In his national bestselling 1988 CBC Massey Lectures, Noam Chomsky inquires into the nature of the media in a political system where the population cannot be disciplined by force and thus must be subjected to more subtle forms of ideological control. Specific cases are illustrated in detail, using the U.S. media primarily but also media in other societies. Chomsky considers how the media might be democratized (as part of the general problem of developing more democratic institutions) in order to offer citizens broader and more meaningful participation in social and political life.
A tragic tale of falling in love aboard the Titanic as heroine, Tess, discovers darker secrets lying beneath the doomed crossing... and a hidden brotherhood threatens to tear her lover from her forever.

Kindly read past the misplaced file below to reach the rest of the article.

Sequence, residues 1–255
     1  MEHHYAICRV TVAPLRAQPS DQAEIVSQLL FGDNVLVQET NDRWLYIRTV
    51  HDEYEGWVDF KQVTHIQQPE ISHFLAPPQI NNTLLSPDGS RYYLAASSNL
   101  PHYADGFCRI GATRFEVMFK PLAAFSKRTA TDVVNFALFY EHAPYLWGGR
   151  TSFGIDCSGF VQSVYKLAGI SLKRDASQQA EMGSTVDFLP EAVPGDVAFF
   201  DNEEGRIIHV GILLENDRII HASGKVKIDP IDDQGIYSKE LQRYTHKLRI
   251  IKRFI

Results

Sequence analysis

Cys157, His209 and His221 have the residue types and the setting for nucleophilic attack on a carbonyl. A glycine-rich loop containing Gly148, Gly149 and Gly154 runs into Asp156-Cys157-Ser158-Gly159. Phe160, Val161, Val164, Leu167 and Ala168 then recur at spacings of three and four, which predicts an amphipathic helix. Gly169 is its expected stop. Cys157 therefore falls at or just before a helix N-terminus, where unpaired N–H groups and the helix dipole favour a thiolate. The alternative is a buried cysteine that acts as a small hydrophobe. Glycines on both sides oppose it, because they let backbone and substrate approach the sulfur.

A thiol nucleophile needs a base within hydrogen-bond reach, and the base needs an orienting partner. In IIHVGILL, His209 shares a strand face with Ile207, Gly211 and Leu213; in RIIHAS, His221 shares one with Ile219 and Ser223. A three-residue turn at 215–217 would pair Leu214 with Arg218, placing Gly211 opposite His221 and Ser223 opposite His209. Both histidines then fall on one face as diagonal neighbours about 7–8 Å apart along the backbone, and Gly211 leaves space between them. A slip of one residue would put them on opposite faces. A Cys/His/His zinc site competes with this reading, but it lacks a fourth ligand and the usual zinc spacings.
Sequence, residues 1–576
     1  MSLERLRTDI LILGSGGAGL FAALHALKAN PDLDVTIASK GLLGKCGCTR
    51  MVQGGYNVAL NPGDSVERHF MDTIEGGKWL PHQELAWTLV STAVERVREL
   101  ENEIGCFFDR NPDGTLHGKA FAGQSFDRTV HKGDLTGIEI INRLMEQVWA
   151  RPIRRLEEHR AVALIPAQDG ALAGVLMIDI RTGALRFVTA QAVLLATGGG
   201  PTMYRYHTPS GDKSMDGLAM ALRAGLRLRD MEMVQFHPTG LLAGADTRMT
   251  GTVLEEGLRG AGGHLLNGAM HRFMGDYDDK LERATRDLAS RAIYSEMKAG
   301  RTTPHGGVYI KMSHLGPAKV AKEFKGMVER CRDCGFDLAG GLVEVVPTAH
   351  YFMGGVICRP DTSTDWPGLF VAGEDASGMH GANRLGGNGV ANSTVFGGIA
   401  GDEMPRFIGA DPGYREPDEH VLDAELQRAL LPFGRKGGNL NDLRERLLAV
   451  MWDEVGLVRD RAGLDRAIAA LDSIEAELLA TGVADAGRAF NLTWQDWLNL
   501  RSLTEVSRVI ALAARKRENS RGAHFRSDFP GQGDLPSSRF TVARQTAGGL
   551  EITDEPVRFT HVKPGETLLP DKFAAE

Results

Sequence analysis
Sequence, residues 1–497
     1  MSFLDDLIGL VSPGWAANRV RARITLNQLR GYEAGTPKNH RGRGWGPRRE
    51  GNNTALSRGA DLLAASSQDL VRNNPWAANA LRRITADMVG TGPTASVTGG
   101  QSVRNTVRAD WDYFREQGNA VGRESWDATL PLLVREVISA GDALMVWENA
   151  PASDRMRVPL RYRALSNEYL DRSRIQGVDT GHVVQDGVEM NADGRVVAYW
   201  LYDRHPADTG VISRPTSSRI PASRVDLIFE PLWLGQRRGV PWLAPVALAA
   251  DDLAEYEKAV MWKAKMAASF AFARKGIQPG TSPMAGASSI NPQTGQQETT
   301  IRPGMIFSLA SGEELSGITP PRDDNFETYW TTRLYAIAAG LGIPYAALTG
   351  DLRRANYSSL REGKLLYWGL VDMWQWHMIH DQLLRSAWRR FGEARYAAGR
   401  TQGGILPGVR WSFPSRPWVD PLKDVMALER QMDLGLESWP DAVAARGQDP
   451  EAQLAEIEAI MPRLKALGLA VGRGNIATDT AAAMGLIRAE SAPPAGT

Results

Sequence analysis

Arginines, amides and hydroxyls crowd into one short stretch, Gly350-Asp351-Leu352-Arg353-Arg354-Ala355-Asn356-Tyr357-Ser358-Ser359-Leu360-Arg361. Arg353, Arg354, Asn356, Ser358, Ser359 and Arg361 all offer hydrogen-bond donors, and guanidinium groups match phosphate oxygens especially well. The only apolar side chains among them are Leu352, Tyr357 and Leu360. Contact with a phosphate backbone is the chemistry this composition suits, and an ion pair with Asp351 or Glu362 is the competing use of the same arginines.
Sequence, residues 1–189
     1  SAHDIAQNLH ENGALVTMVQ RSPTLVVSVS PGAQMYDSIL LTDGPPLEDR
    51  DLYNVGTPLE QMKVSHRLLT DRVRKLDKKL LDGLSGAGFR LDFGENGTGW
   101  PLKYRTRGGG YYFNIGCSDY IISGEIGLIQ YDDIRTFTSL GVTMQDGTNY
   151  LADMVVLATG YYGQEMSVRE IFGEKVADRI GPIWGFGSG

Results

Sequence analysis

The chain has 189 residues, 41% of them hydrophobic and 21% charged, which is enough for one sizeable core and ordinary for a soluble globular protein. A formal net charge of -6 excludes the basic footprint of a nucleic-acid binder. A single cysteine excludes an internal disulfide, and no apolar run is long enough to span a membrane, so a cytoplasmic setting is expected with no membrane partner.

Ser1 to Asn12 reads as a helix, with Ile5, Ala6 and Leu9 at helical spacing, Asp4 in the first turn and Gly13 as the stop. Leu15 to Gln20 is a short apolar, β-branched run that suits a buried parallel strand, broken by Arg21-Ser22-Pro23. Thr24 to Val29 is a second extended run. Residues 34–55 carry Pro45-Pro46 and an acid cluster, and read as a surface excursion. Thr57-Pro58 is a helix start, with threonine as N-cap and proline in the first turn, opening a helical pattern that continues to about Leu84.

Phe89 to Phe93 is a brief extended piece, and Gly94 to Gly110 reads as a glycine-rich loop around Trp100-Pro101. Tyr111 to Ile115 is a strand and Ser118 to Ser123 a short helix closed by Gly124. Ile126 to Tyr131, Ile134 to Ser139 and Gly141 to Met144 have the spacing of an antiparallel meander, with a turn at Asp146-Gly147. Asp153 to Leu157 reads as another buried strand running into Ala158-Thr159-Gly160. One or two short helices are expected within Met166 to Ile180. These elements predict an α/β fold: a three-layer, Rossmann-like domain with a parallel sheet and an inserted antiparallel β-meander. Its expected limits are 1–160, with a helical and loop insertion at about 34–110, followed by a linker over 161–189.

“The intellectual tradition is one of servility to power, and if I didn’t betray it I’d be ashamed of myself.” This declaration by Noam Chomsky exemplifies the uncompromising radicalism that has long defined his life and work. A linguist, philosopher, prolific author, and political activist, Chomsky is one of the most influential Western intellectuals of the last half-century. Yet it is this very capaciousness that biographers and interpreters have struggled with, and as a result, there are very few readable accounts of Chomsky and his project. Wolfgang B. Sperlich surmounts this challenge with his succinct yet in-depth introduction to the thinker in Noam Chomsky, one of the new titles in the acclaimed Critical Lives series. Beginning with Chomsky’s formative years as a sixteen-year-old student at the University of Pennsylvania, Sperlich traces his education in linguistics and politics in its rich historical context. He explores Chomsky’s main intellectual influences, particularly in language studies, and charts his strained relationship with mainstream American academia. Sperlich also offers an informed overview of Chomsky’s landmark linguistic contributions as a comprehensive introduction to his work, and he explains the latest developments in Chomskyan linguistics and how they influence research in fields as varied as neuroscience, biology, and evolution. Sperlich is equally attentive to Chomsky's political activism: through Sperlich’s account we follow Chomsky from his pacifist-anarchist lectures and writings of the 1950s and 1960s to his seminal 1988 treatise, Manufacturing Consent, and his relentless criticism of the American government over two decades. A compact and rich biographical study, Noam Chomsky is a brilliant introduction to one of the most polarizing intellectuals of our time, a thinker whose words continue to pierce the heart of public discourse.